In this study, we present a novel design of interference-free, negligible installation-induced stress, suitable for the fabrication of high-throughput quartz crystal microbalance (HQCM) chips. This novel HQCM chip configuration was fabricated using eight independent yet same-batch quartz crystal resonators within a common glass substrate with eight through-holes of diameter slightly larger than that of the quartz resonator. Each quartz resonator’s rim was adhered to the inner part of the through-hole via silicone glue to form the rigid (quartz)-soft (silicone)-rigid (glass) structure (RSRS) which effectively eliminates the acoustic couplings among different resonators and largely alleviates the installation-induced stresses. The consistence of the eight resonators was verified by very similar equivalent circuit parameters and very close response slopes to liquid density and viscosity. The HQCM chip was then employed for real-time and continuous monitoring of H9C2 cardiomyoblast adhesions and viscoelastic changes induced by the treatments of two types of drugs: drugs that affect the cytoskeletons, including nocodazole, paclitaxel, and Y-27632, and drugs that affect the contractile properties of the cells: verapamil and different dosages of isoprenaline. Meanwhile, we compared the cytoskeleton affecting drug-induced viscoelastic changes of H9C2 with those of human umbilical vein endothelial cells (HUVECs). The results described here provide the first solution to fabricate HQCM chips that are free from the limitation of resonator number, installation-induced stress, and acoustic interferences among resonators, which should find wide applications in areas of cell phenotype assay, cytotoxicity test, drug evaluation and screening, etc.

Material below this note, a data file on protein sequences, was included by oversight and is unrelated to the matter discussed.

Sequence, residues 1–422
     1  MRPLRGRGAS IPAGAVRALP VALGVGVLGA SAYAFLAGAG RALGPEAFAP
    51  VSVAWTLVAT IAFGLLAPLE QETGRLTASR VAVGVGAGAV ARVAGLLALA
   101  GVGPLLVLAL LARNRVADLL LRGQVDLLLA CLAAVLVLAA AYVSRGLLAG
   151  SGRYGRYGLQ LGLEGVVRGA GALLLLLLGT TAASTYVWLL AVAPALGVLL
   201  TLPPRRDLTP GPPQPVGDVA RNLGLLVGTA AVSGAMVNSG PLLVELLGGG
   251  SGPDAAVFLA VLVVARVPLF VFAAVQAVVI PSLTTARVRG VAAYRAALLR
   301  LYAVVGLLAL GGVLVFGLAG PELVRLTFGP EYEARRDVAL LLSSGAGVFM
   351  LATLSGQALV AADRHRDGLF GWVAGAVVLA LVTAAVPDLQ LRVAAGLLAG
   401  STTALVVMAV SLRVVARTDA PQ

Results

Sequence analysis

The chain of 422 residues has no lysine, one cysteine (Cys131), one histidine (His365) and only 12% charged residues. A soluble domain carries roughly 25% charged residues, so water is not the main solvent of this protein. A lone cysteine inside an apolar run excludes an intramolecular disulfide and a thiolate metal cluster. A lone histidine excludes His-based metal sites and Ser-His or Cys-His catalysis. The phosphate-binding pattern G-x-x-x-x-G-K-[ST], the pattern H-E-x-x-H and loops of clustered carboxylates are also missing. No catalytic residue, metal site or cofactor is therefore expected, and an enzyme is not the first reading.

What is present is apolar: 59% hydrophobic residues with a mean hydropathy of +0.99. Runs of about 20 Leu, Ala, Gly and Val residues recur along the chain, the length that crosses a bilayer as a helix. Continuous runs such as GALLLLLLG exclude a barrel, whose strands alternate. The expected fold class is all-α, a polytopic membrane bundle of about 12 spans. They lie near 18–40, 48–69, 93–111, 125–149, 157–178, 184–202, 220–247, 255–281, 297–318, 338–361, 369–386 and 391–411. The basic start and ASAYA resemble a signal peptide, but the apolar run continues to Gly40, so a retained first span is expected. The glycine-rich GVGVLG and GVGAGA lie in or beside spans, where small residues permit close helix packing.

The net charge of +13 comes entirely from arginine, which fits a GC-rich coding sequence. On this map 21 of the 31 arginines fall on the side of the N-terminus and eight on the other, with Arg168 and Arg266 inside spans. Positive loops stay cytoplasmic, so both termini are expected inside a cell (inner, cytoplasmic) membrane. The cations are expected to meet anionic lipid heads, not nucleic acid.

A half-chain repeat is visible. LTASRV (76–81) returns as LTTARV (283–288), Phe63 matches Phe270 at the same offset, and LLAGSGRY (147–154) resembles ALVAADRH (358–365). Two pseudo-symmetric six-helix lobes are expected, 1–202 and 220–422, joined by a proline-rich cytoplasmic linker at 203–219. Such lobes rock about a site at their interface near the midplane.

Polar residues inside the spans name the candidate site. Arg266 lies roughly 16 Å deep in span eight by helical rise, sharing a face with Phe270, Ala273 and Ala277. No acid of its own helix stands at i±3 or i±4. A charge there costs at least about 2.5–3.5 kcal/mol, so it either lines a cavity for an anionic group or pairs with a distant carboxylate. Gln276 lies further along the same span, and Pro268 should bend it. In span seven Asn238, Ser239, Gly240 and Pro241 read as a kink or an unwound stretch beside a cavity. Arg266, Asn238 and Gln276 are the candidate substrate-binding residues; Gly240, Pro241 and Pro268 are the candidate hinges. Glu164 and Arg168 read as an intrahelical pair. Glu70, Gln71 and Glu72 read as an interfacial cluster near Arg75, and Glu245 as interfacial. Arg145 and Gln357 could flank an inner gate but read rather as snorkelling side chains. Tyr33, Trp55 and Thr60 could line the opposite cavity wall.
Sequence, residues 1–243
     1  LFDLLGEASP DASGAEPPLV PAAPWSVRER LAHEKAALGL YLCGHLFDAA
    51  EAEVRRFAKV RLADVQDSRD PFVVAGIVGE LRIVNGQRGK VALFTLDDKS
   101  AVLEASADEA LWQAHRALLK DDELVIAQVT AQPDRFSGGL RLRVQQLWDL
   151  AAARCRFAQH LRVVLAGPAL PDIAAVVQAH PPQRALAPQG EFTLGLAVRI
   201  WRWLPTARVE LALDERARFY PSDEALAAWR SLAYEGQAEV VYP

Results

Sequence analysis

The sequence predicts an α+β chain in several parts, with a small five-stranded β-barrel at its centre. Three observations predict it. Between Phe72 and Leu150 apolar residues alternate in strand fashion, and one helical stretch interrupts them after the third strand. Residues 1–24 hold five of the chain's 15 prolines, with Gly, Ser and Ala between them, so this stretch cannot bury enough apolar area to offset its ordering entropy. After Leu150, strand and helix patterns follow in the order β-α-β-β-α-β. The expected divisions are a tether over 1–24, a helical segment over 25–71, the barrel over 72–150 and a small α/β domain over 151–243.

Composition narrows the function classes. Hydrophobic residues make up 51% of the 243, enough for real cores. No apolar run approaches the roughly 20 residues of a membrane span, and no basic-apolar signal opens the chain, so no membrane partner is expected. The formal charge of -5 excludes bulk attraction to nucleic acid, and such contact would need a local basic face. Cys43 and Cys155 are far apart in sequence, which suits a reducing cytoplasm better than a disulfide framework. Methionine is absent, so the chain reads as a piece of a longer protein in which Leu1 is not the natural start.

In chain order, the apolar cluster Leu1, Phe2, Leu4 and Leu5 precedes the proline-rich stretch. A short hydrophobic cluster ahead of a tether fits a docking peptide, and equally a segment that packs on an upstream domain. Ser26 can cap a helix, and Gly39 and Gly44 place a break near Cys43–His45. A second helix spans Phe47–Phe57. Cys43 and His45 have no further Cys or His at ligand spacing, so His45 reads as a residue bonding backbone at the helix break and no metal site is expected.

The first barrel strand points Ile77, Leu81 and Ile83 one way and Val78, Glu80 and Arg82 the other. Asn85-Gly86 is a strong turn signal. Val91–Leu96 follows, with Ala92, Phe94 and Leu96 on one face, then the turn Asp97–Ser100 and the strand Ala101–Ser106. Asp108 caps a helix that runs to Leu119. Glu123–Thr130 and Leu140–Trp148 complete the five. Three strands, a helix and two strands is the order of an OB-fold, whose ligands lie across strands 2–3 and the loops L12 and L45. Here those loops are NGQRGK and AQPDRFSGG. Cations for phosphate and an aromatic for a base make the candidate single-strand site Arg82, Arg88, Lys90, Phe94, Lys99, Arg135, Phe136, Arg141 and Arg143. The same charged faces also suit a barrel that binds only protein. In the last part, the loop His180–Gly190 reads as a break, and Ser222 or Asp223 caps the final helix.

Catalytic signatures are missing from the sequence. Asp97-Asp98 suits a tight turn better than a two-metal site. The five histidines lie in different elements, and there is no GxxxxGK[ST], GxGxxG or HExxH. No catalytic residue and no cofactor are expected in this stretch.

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We thank Beijing Chenjing Electronic Co., Ltd. who provided the quartz crystal resonators and fabricated the eight HQCM chips used for this study; particularly, Mr. Lijun Zhao’s technical help is greatly appreciated. We also thank Prof. Dazhong Shen, College of Chemistry, Chemical Engineering and Materials Science, Shandong Normal University, who lent us the Agilent 4395A impedance analyzer. Finally, we would like to thank Mr. Shuyue Zhou, Houston Methodist Hospital, USA, for proofreading the manuscript.
This work was supported in part by grants from the Key Project of Hunan Provincial Science & Technology Department (2013TT1009) and the National Natural Science Foundation of China (21275048).
Compliance with ethical standards
Conflict of interest
The authors declare that they have no conflicts of interest.
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